CHARLES SPRAGUE SARGENT
to
BLANCHE TRASK
Three Letters of 1911

January 21, 1911

Dear Mrs. Trask:

I am very glad to get your letter of January 8th and I apologize for not having sooner answered it.

We find here in the herbarium only one specimen of your Lavatera from Santa Catalina but from San Clemente a specimen with much smaller leaves which may possibly represent a different species. I do not think you ever could have sent the two forms of from Santa Catalina, and if you have time this winter I wish you would dry us some good specimens of the two as really we haven't sufficient material here to form a proper idea of this species and its variation.

I am very sorry to hear that your home is being disturbed. Does this mean that you are going permanently to leave Avalon or are you going to have another abiding place there? I shall be lad to hear of what you see and find in the Sonoran Desert. Won't you write me from there.

You speak of your photographs, giving details of rare plants. Wouldn't it be possible for us to obtain for our photograph collection a set of these? we preserve such things heree and sooner or later they will come into use I am sure. Unless preserved in some such establishment as this photographs are very apt to go astray.

With kind regards, I am,

Faithfully yours,

C. S. Sargent

Mrs. Blanche Trask
Avalon, Santa Catalina
California

Library of the Arnold Arboretum
Harvard University
The Arborway
Jamaica Plain, MA 02130


February 10, 1911

Dear Mrs. Trask:

Many thanks for your last letter and for the fruits of Lavatera which have arrived safely. I wish you would make for us some good sized foliage, flowering and fruiting specimens of the two forms.

With regard to what you call the Yellow Holly, is this Prunus integrifolia, and why yellow? I confess that our early correspondence on this subject has escaped my memory. As you know, I described this insular Cherry as a species. Please write me fully about this and forgive my absent memory.

Faithfully yours,

C. S. Sargent

Mrs. Blanche Trask
Avalon, California

Library of the Arnold Arboretum
Harvard University
The Arborway
Jamaica Plain, MA 02130


March 2, 1911

Dear Mrs. Trask:

I acknowledge it was very forgetful of me but I hope your good nature will cause you to forgive this slip of memory.

We have the yellow-fruited specimens of Heteromeles all right in the herbarium and I have notes about them. I do not think that this color of the fruit is a specific and hardly a varietal character for, as you know, in the Rosaceae plants which bear red fruit generally, occasionally bear yellow fruit, also as in some species of Crataegus, Malus, etc.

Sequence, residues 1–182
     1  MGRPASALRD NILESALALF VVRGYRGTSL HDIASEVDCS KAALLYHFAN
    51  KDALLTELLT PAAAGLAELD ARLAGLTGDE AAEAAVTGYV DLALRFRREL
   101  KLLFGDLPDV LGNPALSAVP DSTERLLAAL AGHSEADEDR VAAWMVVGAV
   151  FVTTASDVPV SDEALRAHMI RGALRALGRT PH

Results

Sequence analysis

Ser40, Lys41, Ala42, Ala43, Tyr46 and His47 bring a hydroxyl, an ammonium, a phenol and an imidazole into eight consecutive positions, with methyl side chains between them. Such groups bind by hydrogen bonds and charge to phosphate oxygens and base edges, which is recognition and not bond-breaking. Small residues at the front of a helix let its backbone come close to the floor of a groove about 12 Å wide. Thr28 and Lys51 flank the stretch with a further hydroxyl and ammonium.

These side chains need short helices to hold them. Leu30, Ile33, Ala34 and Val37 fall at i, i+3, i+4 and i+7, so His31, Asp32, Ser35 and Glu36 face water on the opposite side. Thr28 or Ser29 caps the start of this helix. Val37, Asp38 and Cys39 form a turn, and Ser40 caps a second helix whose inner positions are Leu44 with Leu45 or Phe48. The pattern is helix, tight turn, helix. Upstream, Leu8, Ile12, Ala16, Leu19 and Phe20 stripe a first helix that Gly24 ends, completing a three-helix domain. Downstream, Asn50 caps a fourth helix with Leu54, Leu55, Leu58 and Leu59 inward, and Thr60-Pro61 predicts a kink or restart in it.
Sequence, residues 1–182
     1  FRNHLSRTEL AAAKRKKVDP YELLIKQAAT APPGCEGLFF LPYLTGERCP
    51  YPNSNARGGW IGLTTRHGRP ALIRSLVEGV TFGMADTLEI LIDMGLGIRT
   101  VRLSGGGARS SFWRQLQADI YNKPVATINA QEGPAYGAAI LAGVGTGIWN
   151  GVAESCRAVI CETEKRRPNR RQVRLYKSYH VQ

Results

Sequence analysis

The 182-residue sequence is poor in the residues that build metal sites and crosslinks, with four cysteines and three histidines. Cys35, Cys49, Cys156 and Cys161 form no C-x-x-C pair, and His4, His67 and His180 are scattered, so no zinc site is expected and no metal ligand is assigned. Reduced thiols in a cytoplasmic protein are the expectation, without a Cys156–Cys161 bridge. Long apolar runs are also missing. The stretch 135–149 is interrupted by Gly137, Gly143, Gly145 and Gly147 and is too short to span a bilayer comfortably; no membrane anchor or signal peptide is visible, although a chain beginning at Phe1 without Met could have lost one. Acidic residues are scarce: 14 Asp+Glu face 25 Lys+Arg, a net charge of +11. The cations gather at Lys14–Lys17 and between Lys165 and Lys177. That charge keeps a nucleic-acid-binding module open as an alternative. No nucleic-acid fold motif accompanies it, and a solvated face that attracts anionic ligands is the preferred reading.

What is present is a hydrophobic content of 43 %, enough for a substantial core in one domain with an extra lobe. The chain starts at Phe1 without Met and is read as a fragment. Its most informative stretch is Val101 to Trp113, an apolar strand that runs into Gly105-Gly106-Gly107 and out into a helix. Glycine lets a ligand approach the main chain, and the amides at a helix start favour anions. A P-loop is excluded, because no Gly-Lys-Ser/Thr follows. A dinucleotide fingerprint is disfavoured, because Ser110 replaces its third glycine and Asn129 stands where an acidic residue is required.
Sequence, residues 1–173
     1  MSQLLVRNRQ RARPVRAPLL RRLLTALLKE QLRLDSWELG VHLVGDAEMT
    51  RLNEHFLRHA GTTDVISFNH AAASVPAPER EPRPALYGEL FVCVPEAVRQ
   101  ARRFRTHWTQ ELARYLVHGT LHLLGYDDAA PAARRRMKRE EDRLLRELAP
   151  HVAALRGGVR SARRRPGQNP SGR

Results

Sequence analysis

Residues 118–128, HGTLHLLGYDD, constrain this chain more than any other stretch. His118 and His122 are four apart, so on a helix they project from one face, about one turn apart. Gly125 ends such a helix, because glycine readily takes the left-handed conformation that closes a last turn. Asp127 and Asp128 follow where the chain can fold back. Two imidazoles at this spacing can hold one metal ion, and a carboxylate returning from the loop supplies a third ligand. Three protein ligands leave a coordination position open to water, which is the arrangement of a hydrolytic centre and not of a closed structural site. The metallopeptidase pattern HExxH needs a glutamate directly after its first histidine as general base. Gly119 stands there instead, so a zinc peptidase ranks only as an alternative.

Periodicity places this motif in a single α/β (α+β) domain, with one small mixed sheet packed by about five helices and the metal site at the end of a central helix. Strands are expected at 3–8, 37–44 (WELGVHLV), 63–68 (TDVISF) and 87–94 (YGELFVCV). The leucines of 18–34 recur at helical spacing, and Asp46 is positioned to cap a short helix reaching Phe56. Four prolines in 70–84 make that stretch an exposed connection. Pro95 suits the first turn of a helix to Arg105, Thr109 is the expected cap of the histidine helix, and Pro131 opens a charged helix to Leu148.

I am very glad that you are enjoying the desert and I wish I was there to enjoy it with you. Let me hear from you again soon. I beg.

Faithfully yours,

C. S. Sargent

Mrs. Blanche Trask
Indio, California

Library of the Arnold Arboretum
Harvard University
The Arborway
Jamaica Plain, MA 02130


OBSERVATIONS OF A 21st CENTURY NATURALIST
Robert Roy van de Hoek
December 2000

Blanche Trask, poet-explorer-naturalist, did most of her "California wild nature" exploration and writing on the "southern" Channel Islands of Southern California. She was a resident of Avalon on Santa Catalina Island in Los Angeles County, California from 1895 to 1915 (20 Years). Her winter home was located next to the Tuna Club in Avalon, but she also had a summer home at the Isthmus where the Institute of Environmental Studies of USC is currently located. However, she did travel to the deserts of the west as well and we know this through her correspondence such as in the following letter. She corresponded with professors and scientists at UC Berkeley, Harvard University, the Smithsonian, and at the California Academy of Sciences in San Franciso. For example, Charles Sargent of Harvard University wrote three letters to Blanche Trask in 1911.

Blanche Trask appreciated the desert landscape of the Colorado Desert but the California Channel Islands is her "sense of place." The Geography of Hope for Blanche Trask is undoubtedly Santa Catalina Island.

These three letters by Charles Sargent were written about "three weeks" apart from each other, on January 21, February 10, and March 2. This correspondence is after the last of her published writings on the islands. The above narrative and letter was written and compiled by Robert Roy van de Hoek, November 28, 2000, for educational purposes in recognition of the approaching 90th year anniversary of these three letters being written.


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